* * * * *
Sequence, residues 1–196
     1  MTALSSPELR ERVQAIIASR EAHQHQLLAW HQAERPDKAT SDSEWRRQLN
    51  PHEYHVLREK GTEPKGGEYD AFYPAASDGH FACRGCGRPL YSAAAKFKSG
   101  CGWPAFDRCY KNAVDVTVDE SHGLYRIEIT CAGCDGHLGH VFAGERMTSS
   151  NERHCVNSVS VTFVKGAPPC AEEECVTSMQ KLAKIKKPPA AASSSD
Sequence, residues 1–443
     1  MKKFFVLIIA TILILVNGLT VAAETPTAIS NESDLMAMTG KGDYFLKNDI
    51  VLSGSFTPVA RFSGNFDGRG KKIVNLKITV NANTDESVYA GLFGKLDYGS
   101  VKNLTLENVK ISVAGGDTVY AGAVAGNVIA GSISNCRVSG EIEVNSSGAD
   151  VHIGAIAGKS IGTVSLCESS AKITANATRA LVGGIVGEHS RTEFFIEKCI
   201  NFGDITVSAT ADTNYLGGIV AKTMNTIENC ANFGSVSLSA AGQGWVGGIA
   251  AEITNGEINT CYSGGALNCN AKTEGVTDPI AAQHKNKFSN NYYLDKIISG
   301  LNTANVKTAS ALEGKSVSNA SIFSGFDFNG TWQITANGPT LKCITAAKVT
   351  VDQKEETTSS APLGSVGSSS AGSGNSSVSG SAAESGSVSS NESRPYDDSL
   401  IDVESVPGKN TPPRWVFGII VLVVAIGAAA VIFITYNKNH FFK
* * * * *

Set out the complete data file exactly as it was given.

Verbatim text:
Sequence, residues 1–196
     1  MTALSSPELR ERVQAIIASR EAHQHQLLAW HQAERPDKAT SDSEWRRQLN
    51  PHEYHVLREK GTEPKGGEYD AFYPAASDGH FACRGCGRPL YSAAAKFKSG
   101  CGWPAFDRCY KNAVDVTVDE SHGLYRIEIT CAGCDGHLGH VFAGERMTSS
   151  NERHCVNSVS VTFVKGAPPC AEEECVTSMQ KLAKIKKPPA AASSSD
Sequence, residues 1–443
     1  MKKFFVLIIA TILILVNGLT VAAETPTAIS NESDLMAMTG KGDYFLKNDI
    51  VLSGSFTPVA RFSGNFDGRG KKIVNLKITV NANTDESVYA GLFGKLDYGS
   101  VKNLTLENVK ISVAGGDTVY AGAVAGNVIA GSISNCRVSG EIEVNSSGAD
   151  VHIGAIAGKS IGTVSLCESS AKITANATRA LVGGIVGEHS RTEFFIEKCI
   201  NFGDITVSAT ADTNYLGGIV AKTMNTIENC ANFGSVSLSA AGQGWVGGIA
   251  AEITNGEINT CYSGGALNCN AKTEGVTDPI AAQHKNKFSN NYYLDKIISG
   301  LNTANVKTAS ALEGKSVSNA SIFSGFDFNG TWQITANGPT LKCITAAKVT
   351  VDQKEETTSS APLGSVGSSS AGSGNSSVSG SAAESGSVSS NESRPYDDSL
   401  IDVESVPGKN TPPRWVFGII VLVVAIGAAA VIFITYNKNH FFK